L H

L H

s s

p p

= −

θˆ ; θc =θ. (14)

(12)

Differentiating first the social welfare function (13) with respect to high and low quality prices givespH = pL.5 Using this in the social welfare function and differentiating it with respect to high and low qualities yields,

0 ) 2 2(

1 2 − =

= H

s bs

SWH θ , ( 2 ) 0

2

1 2

=

= L

s bs

SWL θ . (15)

Solving for optimal high quality yields sHw b

2 θ2

= . Note however that SWsL <0, implying that production of low quality variant is zero. Thus, it is socially optimal to provide just one quality variant (high quality),

sw b 2 θ2

= , as pointed out by Ecchia et al. (2002).

Consider now the relationships between socially optimal qualities and duopoly qualities (which has been characterized in equation 7),

246689 0 .

0 2

* − =− <

s b

sH Hw θ

(16a)

048238 0 .

0 2

* − = >

s b

sL Lw θ

(16b) 24669 0

.

0 2

<

=

s b

sa aw θ

, (16c)

where the subscript ‘a’ refers to average quality. Clearly, a duopoly provides too little high quality and too much low quality goods. This implies that profit maximization results in a quality dispersion that is socially sub-optimal. Moreover, the average quality provided by the market is too low from the social planner’s perspective. We summarize these findings in:

5 The first-order conditions for the prices of the high and low variants are

=0 + −

− −

=

L H

L L

H H

p s s

p s

s

SW H p , =0

− −

= −

L H

L L

H H

p s s

p s

s

SW L p .

(13)

Proposition 1: Under fixed costs of production, the socially optimal outcome involves production of only the high quality variant. Compared to the socially optimal outcome, the profit maximizing duopoly provides too little high quality and too much low quality.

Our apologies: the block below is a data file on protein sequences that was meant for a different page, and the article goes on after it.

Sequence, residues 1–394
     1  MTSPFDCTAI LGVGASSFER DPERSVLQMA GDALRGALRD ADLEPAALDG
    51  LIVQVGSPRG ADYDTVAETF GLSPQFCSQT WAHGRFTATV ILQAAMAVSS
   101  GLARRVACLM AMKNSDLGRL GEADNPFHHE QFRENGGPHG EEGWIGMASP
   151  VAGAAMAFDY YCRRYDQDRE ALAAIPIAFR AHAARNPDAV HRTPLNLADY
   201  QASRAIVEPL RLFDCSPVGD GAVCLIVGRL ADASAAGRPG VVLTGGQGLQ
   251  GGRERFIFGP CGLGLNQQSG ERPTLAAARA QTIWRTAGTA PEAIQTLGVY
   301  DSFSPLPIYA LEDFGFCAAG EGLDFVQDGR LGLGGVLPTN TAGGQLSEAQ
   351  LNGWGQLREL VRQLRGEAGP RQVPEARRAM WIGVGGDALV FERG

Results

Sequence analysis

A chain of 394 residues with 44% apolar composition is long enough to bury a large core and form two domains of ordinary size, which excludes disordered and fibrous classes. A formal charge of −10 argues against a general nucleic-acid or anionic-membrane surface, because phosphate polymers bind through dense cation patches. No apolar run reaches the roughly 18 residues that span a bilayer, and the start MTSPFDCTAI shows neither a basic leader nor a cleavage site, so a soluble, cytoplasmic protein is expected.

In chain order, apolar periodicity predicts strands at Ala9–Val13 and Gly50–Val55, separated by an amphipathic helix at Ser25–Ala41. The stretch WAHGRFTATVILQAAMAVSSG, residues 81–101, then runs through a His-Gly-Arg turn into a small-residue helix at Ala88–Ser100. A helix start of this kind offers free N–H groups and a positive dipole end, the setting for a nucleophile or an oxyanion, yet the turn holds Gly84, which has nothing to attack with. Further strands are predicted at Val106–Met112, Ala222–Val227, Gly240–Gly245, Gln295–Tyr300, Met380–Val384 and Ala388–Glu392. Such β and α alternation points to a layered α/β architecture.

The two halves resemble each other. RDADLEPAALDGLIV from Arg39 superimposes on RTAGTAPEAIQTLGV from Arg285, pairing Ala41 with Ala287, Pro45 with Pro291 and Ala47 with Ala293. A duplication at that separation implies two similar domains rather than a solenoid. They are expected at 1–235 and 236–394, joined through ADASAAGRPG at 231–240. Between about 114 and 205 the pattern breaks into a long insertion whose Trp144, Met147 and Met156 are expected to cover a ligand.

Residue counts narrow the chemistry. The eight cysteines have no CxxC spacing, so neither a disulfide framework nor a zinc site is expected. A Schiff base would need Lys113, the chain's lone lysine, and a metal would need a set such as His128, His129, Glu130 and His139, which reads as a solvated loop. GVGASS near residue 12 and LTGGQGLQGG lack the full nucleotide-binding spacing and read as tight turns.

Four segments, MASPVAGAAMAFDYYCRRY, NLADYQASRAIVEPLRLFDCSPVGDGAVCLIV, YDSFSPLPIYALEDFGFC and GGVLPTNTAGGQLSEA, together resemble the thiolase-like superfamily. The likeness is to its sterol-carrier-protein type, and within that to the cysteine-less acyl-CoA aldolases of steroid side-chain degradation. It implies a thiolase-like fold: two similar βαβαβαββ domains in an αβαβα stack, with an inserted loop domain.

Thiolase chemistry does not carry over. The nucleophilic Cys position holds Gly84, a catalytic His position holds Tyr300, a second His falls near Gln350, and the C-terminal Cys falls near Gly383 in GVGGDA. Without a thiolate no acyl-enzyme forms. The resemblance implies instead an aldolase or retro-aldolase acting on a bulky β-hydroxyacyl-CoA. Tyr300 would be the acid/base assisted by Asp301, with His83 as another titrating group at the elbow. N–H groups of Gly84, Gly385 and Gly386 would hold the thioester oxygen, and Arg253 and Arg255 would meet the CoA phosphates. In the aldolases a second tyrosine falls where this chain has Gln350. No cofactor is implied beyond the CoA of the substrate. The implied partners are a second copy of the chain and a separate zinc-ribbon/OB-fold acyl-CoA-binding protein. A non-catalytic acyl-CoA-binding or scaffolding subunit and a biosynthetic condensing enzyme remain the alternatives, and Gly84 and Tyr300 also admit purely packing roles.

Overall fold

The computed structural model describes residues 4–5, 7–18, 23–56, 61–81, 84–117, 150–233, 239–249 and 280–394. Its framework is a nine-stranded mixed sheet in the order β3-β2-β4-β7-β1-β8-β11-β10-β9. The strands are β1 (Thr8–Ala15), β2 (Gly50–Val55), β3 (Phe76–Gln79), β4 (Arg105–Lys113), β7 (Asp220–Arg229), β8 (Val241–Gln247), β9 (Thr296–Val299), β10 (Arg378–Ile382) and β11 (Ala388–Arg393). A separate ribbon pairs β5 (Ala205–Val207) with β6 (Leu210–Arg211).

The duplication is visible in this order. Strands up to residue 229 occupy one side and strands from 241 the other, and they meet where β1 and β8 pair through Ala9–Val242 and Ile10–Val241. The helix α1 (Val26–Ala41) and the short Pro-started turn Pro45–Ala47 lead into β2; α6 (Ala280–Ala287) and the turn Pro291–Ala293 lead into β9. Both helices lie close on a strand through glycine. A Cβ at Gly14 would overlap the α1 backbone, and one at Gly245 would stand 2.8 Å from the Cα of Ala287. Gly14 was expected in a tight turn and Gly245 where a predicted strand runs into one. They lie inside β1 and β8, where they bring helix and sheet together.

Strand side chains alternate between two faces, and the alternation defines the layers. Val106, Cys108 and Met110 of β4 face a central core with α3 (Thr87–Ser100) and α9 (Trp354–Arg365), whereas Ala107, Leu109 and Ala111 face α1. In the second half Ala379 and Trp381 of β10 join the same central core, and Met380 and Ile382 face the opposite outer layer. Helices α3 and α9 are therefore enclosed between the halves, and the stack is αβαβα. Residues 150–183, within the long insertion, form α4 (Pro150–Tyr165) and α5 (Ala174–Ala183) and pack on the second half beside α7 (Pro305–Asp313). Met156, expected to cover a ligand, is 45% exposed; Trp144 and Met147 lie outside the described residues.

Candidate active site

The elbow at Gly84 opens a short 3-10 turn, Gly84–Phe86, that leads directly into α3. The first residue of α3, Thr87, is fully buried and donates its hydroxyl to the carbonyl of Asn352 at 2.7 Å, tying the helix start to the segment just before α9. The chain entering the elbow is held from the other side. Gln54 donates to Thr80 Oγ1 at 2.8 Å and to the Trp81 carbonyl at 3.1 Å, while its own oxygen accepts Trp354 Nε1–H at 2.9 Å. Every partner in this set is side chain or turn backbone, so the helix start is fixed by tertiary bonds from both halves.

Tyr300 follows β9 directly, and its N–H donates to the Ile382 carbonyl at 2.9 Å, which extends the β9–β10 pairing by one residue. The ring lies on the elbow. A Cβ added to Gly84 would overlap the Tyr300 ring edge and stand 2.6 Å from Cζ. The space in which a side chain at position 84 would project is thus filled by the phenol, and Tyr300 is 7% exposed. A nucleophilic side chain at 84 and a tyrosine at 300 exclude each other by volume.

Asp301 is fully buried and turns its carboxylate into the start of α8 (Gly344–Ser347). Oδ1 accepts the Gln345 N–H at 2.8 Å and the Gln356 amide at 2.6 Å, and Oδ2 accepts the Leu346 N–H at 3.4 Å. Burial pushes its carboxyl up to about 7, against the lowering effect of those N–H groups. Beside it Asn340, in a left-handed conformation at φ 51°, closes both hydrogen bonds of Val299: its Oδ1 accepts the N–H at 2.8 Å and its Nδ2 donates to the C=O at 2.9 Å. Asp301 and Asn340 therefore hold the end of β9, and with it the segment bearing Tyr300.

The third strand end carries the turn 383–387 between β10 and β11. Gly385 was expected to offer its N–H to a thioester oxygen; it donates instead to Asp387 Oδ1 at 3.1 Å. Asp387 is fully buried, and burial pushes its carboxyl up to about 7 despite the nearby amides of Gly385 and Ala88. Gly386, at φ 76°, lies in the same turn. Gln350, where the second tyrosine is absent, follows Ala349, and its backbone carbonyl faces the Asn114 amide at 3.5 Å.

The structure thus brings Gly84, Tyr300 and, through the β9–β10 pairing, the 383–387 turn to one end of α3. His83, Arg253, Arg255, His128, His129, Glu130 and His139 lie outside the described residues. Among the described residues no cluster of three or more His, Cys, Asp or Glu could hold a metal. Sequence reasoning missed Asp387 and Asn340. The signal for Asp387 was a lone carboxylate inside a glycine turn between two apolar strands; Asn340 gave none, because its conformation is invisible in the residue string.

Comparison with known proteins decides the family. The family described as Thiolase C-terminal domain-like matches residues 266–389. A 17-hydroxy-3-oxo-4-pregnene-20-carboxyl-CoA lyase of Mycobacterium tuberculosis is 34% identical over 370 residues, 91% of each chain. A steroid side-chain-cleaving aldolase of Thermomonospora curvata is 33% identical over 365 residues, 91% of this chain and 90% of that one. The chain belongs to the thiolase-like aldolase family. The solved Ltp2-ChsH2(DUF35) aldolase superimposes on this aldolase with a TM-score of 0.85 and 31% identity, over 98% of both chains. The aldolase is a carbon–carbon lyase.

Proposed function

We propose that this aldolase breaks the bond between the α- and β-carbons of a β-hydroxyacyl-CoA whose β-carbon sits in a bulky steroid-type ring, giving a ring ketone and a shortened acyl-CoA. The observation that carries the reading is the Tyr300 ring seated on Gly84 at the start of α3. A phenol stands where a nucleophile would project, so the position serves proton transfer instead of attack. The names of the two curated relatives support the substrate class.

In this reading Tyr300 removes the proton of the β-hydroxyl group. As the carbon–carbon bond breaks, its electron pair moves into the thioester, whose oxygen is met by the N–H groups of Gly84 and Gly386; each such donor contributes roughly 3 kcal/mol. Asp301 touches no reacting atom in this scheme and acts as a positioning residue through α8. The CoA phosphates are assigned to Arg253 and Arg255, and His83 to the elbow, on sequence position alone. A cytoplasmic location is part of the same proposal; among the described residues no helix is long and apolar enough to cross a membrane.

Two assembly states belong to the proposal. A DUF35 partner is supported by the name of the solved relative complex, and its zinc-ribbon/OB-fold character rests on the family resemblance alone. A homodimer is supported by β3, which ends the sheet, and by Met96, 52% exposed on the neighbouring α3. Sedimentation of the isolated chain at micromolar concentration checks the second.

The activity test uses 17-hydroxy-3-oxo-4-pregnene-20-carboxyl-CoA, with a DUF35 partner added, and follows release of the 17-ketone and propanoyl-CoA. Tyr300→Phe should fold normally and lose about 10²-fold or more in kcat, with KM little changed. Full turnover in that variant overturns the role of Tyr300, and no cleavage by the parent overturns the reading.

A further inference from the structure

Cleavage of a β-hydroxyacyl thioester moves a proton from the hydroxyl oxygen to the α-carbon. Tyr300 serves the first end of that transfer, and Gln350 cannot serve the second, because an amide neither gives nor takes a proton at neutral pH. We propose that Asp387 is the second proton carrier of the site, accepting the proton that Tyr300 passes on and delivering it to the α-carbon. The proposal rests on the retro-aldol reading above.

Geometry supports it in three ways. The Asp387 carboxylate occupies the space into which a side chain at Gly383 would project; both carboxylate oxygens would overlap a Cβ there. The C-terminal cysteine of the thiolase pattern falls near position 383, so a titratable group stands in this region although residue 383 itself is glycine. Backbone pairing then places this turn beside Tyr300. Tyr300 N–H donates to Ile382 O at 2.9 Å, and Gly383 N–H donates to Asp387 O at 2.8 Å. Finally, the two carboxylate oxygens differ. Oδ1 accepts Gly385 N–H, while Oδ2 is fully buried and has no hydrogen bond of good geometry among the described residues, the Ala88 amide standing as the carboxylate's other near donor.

Using the socially optimal quality, we can also solve for the socially optimal price. Inserting optimal qualities into the first-order conditions for prices would imply that the optimal price is zero, because, when quality is given, the cost of commodity production is zero. There are several possible ways to solve for the optimal prices. First, the social planner could offer the high quality commodity to consumers at a zero price, given that investment in quality is independent of the commodity’s price level, and investment as such represents a sunk cost. The second way is to assume that society charges a positive price such that either some subset or all of consumers purchase the commodity. The latter price can be determined from the indifference relation between buying and not buying for the consumer having the lowest preference for quality. By inserting the socially optimal quality into this indifference relationship, we have

=0

p ssw

θ . Recall that we solved for the socially optimal quality such that sw b

2 θ2

= .

Using this yields the following socially optimal price, pw b

2 θ 2

=θ . Under this price,

demand for the commodity is simply given by qswf =θθ , so that relative to the duopoly equilibrium, the socially optimal solution with this pricing strategy yields 21%

higher demand for the good (see our earlier analysis of duopoly in Section 2.1).

3.2 Variable Costs and the Socially Optimal Qualities

Next we compare the equilibrium duopoly solution with the socially optimal one in the case of variable costs of production. Unlike with fixed costs of production, the assumption of variable production costs allows the social welfare maximizer to offer products at a nonzero marginal cost. Therefore, replacing duopoly prices by the marginal costs of quality provision in the critical taste parameters θˆ and θc, we can define new threshold critical taste parameters for the upper and lower bounds of the taste distribution,